This quotation caught my eye. It comes courtesy of Bryan Garner’s legal-writing blog:
The order of ideas in a sentence or paragraph should be such that the reader need not rearrange them in his mind. The natural arrangement of ideas in critical argument is: Statement of problem; Marshaling of evidence, first on main points, then on subsidiary ones — the same sequence kept throughout the argument; Credibility of evidence examined; Statement of possible implications of all evidence not wholly rejected; The weighing of conflicting evidence in the scale of probability; and Verdict.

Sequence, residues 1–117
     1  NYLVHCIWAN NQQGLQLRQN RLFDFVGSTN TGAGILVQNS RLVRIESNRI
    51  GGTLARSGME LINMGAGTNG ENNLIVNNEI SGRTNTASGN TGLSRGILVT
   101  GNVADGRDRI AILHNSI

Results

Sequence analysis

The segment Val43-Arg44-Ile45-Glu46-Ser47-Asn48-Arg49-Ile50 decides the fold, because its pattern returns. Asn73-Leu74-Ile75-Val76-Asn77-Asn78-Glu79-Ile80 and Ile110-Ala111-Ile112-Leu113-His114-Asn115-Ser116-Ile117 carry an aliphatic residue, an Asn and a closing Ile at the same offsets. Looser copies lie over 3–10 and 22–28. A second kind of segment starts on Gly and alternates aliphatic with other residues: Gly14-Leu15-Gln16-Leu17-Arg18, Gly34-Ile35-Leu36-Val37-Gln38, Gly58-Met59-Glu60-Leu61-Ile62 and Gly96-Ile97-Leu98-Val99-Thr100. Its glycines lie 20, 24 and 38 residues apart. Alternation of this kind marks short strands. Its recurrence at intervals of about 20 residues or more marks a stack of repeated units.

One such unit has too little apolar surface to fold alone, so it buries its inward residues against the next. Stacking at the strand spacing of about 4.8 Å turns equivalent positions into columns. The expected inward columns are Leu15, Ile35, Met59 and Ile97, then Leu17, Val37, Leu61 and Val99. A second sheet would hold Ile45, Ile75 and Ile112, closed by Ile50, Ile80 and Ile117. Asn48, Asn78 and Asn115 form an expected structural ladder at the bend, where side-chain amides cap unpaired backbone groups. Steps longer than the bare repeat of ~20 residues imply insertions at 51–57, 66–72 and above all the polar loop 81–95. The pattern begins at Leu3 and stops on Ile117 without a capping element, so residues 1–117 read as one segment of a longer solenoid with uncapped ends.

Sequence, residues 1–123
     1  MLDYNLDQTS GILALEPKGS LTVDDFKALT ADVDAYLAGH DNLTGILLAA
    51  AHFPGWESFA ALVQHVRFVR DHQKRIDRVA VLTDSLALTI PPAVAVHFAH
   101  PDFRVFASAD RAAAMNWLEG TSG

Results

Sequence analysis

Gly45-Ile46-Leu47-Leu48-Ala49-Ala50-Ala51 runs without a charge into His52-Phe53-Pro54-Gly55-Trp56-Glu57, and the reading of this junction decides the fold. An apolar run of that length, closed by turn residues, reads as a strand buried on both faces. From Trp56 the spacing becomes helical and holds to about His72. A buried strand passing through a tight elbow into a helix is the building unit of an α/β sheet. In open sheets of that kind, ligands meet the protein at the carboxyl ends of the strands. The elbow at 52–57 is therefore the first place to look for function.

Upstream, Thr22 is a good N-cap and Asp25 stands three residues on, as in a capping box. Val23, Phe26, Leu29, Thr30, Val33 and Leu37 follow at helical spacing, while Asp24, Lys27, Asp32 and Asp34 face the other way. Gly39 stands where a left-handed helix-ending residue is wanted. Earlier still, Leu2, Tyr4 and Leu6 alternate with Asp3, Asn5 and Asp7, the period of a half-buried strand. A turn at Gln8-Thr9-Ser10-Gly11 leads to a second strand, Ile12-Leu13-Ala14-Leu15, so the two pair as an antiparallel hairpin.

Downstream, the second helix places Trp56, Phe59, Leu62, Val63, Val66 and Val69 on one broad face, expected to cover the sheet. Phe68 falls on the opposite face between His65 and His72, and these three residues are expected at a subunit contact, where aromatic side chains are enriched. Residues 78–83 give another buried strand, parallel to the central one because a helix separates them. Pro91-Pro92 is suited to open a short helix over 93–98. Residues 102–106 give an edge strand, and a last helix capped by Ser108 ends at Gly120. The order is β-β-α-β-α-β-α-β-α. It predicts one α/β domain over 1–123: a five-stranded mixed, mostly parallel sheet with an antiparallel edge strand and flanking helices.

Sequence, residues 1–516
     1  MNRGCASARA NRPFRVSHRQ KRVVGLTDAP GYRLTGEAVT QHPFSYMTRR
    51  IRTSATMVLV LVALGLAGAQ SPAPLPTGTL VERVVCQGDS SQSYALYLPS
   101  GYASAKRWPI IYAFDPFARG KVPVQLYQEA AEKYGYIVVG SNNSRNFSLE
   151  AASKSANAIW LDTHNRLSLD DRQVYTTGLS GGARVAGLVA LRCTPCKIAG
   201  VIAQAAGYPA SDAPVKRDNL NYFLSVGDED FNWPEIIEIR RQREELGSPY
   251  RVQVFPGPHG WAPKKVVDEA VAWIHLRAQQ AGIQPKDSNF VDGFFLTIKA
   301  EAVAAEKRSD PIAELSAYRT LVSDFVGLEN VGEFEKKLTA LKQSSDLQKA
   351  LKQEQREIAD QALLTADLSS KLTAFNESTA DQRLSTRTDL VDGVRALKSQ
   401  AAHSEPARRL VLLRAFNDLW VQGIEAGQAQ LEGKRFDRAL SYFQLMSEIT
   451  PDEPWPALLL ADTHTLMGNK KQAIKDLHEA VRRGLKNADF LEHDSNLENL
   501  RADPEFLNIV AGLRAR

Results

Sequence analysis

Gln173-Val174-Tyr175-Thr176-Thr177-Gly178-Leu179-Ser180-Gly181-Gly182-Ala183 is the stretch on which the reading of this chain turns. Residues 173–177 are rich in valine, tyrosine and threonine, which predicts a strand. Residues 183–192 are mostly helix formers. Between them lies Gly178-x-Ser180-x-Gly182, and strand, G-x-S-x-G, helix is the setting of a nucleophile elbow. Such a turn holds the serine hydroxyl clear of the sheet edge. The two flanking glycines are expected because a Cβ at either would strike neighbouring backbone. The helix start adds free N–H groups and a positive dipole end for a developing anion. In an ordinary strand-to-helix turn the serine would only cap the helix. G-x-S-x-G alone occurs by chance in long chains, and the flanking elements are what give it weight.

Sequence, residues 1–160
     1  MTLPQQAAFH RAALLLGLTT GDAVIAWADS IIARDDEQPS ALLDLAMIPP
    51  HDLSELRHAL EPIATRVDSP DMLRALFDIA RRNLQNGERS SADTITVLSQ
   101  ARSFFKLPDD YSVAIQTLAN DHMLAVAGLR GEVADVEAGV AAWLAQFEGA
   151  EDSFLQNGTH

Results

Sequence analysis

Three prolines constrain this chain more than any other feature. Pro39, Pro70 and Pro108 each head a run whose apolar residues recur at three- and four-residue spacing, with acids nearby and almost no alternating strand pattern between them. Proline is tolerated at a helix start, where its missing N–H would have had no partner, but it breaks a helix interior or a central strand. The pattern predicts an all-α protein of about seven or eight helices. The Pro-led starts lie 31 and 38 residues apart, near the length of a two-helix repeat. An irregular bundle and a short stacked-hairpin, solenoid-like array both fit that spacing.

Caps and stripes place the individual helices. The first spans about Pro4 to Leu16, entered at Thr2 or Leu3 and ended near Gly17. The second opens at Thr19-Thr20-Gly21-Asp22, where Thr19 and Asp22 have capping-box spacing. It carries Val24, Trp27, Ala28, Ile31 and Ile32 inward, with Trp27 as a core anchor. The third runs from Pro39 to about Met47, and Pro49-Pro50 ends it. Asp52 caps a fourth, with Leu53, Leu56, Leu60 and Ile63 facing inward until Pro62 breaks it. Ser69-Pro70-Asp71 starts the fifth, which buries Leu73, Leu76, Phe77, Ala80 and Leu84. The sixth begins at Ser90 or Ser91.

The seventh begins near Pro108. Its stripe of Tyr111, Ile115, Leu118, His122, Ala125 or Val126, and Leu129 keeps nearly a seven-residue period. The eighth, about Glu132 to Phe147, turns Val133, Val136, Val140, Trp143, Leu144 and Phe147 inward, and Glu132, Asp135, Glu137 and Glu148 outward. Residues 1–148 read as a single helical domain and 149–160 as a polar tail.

—Robert Graves & Alan Hodge, The Reader Over Your Shoulder 171 (1943).
I wish I were this rigorous all of the time. A quotation worth printing out, clipping, and taping to the bathroom mirror.